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Life is but a continuous process of energy conversion and transformation. The accomplishments of civilization have largely been achieved through the increasingly efficient and extensive harnessing of various forms of energy to extend human capabilities and ingenuity. Energy is similarly indispensable for continued human development and economic growth. Providing adequate, affordable energy is a necessary (even if by itself insufficient) prerequisite for eradicating poverty, improving human welfare, and raising living standards worldwide. Without economic growth, it will also be difficult to address social and environmental challenges, especially those associated with poverty. Without continued institutional, social, and technological innovation, it will be impossible to address planetary challenges such as climate change. Energy extraction, conversion, and use always generate undesirable by-products and emissions – at a minimum in the form of dissipated heat. Energy cannot be created or destroyed – it can only be converted from one form to another, along a one-way street from higher to lower grades (qualities) of energy. Although it is common to discuss energy “consumption,” energy is actually transformed rather than consumed.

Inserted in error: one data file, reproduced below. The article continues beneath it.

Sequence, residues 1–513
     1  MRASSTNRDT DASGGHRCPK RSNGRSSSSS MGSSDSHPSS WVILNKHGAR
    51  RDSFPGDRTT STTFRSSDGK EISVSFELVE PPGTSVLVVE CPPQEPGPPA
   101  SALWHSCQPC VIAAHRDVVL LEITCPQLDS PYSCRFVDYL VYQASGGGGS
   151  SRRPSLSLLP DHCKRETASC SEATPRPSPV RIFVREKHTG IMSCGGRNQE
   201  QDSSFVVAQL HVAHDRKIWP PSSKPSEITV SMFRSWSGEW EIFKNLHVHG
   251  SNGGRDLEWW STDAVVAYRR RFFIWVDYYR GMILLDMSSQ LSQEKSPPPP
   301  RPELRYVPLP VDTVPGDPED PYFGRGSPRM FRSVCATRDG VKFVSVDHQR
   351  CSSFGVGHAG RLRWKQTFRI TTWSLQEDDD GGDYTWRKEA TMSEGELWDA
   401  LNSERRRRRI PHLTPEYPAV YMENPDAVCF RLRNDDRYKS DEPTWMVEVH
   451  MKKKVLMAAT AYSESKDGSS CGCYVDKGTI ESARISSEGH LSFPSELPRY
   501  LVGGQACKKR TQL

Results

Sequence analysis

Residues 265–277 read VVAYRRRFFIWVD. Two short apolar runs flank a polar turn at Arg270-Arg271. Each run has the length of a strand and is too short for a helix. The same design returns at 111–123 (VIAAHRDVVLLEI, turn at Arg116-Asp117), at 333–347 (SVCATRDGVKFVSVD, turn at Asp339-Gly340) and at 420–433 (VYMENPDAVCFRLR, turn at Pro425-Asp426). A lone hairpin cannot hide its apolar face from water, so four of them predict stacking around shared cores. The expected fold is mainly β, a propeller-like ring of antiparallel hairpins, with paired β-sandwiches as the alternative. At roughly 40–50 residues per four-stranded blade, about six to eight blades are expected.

This Energy Primer 1 aims at a basic-level introduction to fundamental concepts and data that help to understand energy systems holistically and to provide a common conceptual and terminological framework before examining in greater detail the various aspects of energy systems from challenges and options to integrated solutions, as done in the different chapters of the Global Energy Assessment (GEA).
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